I have a confession. I am not financially perfect. Many “financial professionals” aren’t either. You just look at Wall Street to see how many “pros” make mistakes – often big ones. But I want to come clean on a common mistake I recently made, and one I see my clients make often. Sometimes savings doesn’t make good cents.


I took out a business loan in December 2010 for $7,500.00 with an interest rate of 7.5% . When I received the money, I socked it away in a traditional savings account paying a measly 1% (sad, but standard). Sure there are other higher yielding investment vehicles, but it was important for me to keep this cash liquid. My goal for this loan was simple: bridge the “cashflow gap” or the time it takes a client to pay from the time the work is performed.


I decided to crunch the numbers and figure out how much  it was costing me to “save” that money each month. On average my loan’s monthly interest charge has been $42.76. On average my monthly income from that savings account has been $4.64. So basically it is costing me $38.12 to “save” that money each month.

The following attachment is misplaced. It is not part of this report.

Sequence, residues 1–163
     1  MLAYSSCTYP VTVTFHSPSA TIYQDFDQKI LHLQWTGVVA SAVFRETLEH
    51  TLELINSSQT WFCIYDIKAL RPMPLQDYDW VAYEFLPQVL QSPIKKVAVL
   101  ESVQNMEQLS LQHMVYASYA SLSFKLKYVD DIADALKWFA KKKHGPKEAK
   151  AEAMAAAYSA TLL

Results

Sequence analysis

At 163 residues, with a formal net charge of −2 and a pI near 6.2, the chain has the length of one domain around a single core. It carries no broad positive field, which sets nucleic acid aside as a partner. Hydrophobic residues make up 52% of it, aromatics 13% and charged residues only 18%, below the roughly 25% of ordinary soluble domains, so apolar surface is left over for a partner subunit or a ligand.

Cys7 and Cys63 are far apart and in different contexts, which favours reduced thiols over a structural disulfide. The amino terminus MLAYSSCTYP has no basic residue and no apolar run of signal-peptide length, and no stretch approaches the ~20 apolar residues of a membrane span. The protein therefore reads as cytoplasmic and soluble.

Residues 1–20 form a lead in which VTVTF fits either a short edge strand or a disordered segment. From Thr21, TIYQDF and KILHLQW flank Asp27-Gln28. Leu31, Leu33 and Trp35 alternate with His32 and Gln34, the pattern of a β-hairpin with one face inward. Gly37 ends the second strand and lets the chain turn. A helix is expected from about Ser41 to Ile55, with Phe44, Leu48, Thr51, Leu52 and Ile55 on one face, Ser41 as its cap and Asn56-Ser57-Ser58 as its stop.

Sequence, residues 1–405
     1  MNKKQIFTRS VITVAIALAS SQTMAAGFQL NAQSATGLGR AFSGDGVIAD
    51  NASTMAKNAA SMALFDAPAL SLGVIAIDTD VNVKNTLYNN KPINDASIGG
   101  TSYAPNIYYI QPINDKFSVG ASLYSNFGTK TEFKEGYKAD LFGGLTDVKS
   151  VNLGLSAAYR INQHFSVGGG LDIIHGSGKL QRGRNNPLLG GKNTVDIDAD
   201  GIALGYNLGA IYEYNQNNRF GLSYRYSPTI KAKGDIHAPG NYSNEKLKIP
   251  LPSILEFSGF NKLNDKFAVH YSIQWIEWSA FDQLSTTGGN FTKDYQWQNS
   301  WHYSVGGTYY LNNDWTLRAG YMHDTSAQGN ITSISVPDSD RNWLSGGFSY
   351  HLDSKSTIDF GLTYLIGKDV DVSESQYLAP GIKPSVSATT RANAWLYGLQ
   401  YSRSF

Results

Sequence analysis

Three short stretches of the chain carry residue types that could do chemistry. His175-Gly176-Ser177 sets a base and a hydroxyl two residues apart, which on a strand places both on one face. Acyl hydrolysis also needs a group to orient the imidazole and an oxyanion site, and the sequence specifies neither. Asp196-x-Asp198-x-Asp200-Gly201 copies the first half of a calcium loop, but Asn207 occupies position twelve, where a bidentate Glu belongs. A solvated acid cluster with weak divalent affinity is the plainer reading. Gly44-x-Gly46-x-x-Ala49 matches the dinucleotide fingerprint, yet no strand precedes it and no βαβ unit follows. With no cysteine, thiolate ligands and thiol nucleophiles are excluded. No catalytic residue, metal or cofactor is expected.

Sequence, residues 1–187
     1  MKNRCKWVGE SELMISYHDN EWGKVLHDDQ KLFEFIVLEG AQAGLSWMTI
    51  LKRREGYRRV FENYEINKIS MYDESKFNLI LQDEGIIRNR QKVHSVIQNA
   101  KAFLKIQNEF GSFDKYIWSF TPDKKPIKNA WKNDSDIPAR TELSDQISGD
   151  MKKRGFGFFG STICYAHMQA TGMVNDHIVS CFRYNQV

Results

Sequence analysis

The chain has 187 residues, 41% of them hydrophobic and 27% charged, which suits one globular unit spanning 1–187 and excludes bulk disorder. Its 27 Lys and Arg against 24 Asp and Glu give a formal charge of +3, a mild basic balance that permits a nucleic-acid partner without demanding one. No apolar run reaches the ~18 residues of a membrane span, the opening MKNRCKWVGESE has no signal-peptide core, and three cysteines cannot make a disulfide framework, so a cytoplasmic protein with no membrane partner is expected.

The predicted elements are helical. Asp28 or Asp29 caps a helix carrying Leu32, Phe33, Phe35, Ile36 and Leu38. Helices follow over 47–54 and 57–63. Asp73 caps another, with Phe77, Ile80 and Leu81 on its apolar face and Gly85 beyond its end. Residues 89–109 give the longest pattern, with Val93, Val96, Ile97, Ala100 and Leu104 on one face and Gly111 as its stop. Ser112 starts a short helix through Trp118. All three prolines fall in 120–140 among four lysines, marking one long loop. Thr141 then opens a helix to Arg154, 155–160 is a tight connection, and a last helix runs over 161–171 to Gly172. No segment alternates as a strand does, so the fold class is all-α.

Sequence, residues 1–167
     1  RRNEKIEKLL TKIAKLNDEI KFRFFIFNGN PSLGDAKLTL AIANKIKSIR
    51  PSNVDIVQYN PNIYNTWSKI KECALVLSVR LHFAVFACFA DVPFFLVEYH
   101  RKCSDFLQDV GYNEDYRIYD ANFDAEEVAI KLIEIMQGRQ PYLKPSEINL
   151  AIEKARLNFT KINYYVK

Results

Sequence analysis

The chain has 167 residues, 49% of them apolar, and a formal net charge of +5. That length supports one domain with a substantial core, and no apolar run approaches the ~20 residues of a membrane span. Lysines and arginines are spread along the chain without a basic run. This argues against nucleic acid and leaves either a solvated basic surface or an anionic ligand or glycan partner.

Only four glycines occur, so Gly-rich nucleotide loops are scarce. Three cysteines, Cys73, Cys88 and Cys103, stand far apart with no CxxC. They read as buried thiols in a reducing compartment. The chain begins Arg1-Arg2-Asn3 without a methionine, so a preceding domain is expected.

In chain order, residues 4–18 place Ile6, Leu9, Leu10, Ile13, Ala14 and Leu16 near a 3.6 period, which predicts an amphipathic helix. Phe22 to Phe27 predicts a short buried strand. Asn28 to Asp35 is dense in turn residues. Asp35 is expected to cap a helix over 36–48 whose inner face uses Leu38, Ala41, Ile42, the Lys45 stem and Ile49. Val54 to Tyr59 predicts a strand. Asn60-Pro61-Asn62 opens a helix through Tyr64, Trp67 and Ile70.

saving money

It’s an instance of “Savings is Stupid”. Instead of using some of the “savings” to pay down the balance on the loan, and lowering my monthly interest expense, I have “hoarding” the money because of fear. I am afraid to let go of my “savings” even though it is COSTING me money.


I have had clients that have 6 figure savings accounts and owe a measly few thousand in credit card debt. Letting go of any money in “savings” is connected to some highly-charged, emotional stuff. Getting clients (okay….myself) to realize it is okay, perhaps even smart, to pay off smaller debts while still maintaining a health savings account can be a good move.


This choice will not be for everyone, and please consultant with your  financial team before making any major financial decisions. I do however implore you to look at both your savings and your debt balances and see how things might shift for you if you shift some money around. As for me? I cut a $1,500 check today. I am not ready to empty that savings account because clients defaulting is always a real “business threat” and I have employees to pay. I am however ready to trust a bit more, while saving more on those monthly interest charges.